Cloud Insecurity: Not Enough Tools, Experience or Transparency
It may be that the hype around cloud computing has settled, but security concerns continue to make headlines and are often cited by CIOs as top priorities. The IT industry association CompTIA, which earlier this year released its ninth annual Information Security Trends Study, found that while many U.S. companies trust the cloud enough to use it, only 13 percent trust it enough for heavy lifting.
For example, 58 percent won't put confidential company data in the cloud, and 56 percent won't put credit card data in the cloud. When asked to assess the current risks in cloud security, nearly all had moderate or serious concerns, and 55 percent said those concerns were greater now than ever.
If you dialed back two years, however, you likely would have seen the same level -- and type -- of cloud security concerns. In many respects, the story hasn't changed much.
The ongoing worries around cloud security are fueled, for the most part, by three factors: the slow uptick of security tools and expertise specific to cloud computing; inexperience in outsourcing; and a lack of transparency by cloud providers concerning their multitenant environments.
First, regarding tools, as it relates to external network threats, cloud security today isn't fundamentally different from traditional, unvirtualized data center security. There's still a persistent application security challenge based on known and newly discovered exploits that must be addressed regardless of how the application is deployed.
For many cloud users, though, it hasn't been easy to replicate in cloud environments the security solutions deployed in traditional data center environments. There has been a lack of cloud-specific tools, controls, automated audit reporting, and even a lack of deep understanding of the service provider's cloud architecture. Hence, companies are forced to limit the applications they deploy in the cloud.
Cloud users can transport their best practices from physical to virtual deployments to help the situation, but best practices alone won't suffice. IT organizations need to know the types of security solutions they need -- firewall management, intrusion prevention and detection, Web application firewall (WAF) management, audit services, etc. -- and determine whether they can get them from their service provider or if they already exist in their current arsenal and can be adapted to their cloud implementations.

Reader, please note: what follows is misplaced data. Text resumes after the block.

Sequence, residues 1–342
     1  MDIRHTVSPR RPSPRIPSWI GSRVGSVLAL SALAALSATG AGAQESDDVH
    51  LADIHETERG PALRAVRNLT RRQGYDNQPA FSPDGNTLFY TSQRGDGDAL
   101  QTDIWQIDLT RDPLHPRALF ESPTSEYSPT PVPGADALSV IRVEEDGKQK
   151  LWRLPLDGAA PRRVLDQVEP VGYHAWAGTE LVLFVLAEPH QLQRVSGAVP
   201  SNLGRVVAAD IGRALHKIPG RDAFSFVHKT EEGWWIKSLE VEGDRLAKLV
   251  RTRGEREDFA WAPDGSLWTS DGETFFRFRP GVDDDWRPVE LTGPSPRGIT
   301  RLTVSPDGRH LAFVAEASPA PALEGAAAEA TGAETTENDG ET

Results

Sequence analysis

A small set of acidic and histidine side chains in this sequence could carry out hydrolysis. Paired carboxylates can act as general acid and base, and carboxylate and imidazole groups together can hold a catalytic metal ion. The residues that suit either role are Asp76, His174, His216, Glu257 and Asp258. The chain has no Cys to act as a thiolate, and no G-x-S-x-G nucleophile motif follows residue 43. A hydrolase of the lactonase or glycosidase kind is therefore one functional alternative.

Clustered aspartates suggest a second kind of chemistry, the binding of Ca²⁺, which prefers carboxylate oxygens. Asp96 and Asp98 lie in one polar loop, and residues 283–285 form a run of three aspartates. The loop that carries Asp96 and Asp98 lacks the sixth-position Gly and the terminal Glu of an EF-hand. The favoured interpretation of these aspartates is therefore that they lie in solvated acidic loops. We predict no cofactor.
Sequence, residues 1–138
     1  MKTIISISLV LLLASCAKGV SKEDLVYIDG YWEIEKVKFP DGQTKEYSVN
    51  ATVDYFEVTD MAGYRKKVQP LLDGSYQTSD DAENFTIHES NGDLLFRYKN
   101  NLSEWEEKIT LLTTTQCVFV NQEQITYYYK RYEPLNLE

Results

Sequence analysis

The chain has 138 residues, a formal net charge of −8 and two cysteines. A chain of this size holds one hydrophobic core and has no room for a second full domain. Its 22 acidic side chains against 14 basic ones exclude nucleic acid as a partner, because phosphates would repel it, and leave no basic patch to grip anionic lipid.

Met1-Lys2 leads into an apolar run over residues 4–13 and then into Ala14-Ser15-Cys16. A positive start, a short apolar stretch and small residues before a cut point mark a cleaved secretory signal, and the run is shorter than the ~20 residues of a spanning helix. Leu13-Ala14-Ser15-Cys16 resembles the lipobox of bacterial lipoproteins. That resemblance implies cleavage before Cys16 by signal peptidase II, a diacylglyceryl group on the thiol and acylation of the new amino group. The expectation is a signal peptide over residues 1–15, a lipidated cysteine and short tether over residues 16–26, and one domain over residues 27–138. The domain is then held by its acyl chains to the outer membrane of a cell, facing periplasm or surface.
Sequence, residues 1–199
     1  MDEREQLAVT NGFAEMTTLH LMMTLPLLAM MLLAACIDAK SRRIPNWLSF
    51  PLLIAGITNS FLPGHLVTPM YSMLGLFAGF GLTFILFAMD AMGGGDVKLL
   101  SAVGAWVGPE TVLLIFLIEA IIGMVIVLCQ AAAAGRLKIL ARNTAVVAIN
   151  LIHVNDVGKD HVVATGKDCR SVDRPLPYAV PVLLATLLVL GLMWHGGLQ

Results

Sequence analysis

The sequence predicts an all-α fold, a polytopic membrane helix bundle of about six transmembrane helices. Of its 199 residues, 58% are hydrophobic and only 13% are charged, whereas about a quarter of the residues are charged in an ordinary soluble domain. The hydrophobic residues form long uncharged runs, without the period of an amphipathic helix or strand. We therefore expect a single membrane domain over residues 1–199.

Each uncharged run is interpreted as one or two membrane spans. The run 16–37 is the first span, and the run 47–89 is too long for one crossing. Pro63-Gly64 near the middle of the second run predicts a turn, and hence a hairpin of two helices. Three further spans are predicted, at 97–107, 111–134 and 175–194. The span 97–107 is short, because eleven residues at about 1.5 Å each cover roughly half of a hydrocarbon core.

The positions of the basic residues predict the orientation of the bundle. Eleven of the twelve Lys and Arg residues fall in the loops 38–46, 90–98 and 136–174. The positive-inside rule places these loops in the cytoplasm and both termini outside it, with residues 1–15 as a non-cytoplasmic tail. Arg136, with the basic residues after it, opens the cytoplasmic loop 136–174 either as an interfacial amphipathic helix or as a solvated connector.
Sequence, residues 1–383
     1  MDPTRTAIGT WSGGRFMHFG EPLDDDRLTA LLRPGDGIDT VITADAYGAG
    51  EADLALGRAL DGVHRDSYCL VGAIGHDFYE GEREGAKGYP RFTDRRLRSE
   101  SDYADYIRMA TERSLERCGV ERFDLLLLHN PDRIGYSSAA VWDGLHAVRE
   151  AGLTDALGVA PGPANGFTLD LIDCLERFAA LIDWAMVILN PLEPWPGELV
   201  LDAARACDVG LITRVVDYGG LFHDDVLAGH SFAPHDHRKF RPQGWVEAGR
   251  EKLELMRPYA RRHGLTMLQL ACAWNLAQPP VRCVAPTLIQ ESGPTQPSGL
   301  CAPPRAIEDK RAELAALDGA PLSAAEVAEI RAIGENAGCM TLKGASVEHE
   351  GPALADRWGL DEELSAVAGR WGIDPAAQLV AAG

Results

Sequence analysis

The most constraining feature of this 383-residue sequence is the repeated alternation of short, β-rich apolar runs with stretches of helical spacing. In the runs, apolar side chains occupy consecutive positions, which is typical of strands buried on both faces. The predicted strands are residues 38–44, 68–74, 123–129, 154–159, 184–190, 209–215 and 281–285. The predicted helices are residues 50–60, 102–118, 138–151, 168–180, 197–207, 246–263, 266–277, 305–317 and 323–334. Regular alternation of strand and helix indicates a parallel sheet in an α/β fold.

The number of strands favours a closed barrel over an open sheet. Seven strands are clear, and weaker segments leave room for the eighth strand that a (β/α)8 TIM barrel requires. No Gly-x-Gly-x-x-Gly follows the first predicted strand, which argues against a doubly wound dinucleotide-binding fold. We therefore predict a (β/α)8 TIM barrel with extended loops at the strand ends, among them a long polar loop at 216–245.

Security processes also need reviewing and refreshing. If an IT team runs audits and scours firewall logs every week in its traditional data center environment, will that be enough for a cloud environment? And will the service provider share those logs and audits, in detail, once a week or as often as needed?
Making sure the service provider's security best practices, solutions and policies are up to snuff also has confounded cloud security. That's because for many companies, investing in the cloud is really the first occasion of handing over their IT operations to an outsourcer. Many are used to running IT internally and aren't adept at assessing and comparing the security of cloud providers, negotiating contracts, or establishing and enforcing service levels.
The lack of expertise extends from the IT department to purchasing departments. There's a lot of ground to cover:
- Are the right security measures in place?
- Do you have written agreements regarding the application of patches, etc.?
- Is there agreement on the definitions of service availability, incident response, technical compliance and vulnerability management, and how is reporting on these conducted?
- How are service levels measured?
- What data is available, related to availability and security, and how often is it provided?
When working with an outsourcer, know how to ask for specific requirements, and document the solutions and services you are expecting from the provider. Keep in mind that the contract isn't nearly as important as being successful. Penalties are a small price to pay; after all, nobody really wants SLA money -- they want protection. Negotiations are very difficult because of this.
In Search of Transparency
Finally, many of the concerns around cloud security are aimed squarely at public cloud services, where threat vectors are compounded by multitenancy and shared environments.
Much of the concern is due to a lack of transparency among some service providers regarding those multitenant environments. That transparency, however, is critical. It is important to know how individual virtual machines, sharing a physical server, are segregated. How is the data protected, and how are the networks secured?
Most importantly, how is the management network that the service provider uses protected? If the management layer is vulnerable, then everyone in that cloud is vulnerable as well.
There's no question companies are adopting cloud computing. Even public cloud services are making headway. IT market research firm IDC, for example, estimates that worldwide revenue from public IT clouds will reach US$55.5 billion in 2014. But security concerns do need to be addressed.
With increased availability of cloud security tools and services, experience, and more adept outsourcing tactics, as well as more proactive and transparent public cloud services, they can.